Information and Communication Technology (ICT) graduates and challenges of employability: A conceptual framework for enhancing employment opportunities in South Africa

  • Kenneth Nwanua Ohei
  • Roelien Brink
  • Alao Abiodun
Keywords: Employability, hard and soft, HEI, ICT graduates, skill shortage, unemployment


Graduate unemployment is among the most predominant problems facing South Africa. The underlying assumption is that employability issues have severe implications and have raised unresolved questions about universities’ curriculum, the quality of graduates produced, and their ability to meet the essential demands of employers. This paper probed the development of a framework for addressing the employability of Information and Communication Technology (ICT) graduates. The aim was to explore the issues that ICT graduates are encountering when seeking entrance to the labour market. The paper adopted two framework models by Knight and Yorke (USEM model) and Dacre Pool and Sewell (CareerEDGE Model), supported by a systematic literature review (SLR). The findings revealed that ICT graduates at all levels of qualifications struggle to get jobs, irrespective of their qualifications, due to socio-economic problems resulting in a shortage and non-creation of jobs to accommodate the up-and-coming ICT graduates. As a consequence, these graduates are still vulnerable in the labour market. Several other associated challenges identified in the developed framework were linked to work experience, namely a lack of soft and hard skills and business skills. In spite of these challenges, Higher Education Institutions (HEIs) have a definitive role to play. One of which is to produce academic graduates with practical skills and traits, coherent knowledge and application in the workspace. The curriculum design should be restructured to align with employers’ skills requirements from ICT graduates. HEIs should ensure that there is proper communication among triad parties and stakeholders through the incorporation of work-integrated learning (WIL) as a best practice for improvement.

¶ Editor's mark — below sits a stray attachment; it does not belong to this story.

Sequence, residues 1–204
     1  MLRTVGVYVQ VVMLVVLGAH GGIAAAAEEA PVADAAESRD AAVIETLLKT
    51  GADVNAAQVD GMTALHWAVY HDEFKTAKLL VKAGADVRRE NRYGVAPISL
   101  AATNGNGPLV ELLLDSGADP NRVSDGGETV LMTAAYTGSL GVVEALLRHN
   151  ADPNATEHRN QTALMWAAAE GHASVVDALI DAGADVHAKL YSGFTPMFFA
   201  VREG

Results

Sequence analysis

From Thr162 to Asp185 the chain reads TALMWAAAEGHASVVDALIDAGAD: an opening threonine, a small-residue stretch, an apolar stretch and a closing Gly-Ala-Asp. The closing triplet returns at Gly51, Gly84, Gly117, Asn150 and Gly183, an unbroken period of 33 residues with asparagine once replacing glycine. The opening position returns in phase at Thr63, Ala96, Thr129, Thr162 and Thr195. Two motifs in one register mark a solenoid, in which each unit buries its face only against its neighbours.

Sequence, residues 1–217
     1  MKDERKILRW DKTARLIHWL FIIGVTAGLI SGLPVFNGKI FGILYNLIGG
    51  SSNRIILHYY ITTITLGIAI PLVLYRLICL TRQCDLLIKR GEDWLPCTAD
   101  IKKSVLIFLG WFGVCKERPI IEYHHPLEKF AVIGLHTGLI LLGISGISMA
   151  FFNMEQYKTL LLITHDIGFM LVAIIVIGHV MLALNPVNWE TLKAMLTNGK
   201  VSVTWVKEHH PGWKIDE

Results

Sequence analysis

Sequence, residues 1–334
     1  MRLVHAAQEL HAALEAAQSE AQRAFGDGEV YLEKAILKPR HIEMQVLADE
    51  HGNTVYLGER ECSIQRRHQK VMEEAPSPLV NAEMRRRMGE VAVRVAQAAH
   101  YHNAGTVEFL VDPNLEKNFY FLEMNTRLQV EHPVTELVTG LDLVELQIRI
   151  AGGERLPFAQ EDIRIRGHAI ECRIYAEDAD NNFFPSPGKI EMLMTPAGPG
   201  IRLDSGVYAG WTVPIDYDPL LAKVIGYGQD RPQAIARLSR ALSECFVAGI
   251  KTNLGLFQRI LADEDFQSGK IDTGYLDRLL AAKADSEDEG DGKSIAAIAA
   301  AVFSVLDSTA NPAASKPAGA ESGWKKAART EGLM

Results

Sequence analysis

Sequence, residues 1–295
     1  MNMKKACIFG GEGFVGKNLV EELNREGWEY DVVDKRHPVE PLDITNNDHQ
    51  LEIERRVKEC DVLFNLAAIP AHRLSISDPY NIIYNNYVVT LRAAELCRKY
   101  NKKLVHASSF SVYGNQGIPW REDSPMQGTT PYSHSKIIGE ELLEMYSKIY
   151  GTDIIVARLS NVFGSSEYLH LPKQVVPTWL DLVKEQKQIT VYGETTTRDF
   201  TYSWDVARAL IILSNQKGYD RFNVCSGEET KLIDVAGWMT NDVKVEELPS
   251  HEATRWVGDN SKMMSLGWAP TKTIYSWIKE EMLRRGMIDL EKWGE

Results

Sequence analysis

Key phrases Employability, hard and soft, HEI, ICT graduates, skill shortage, unemployment


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eISSN: 1596-9231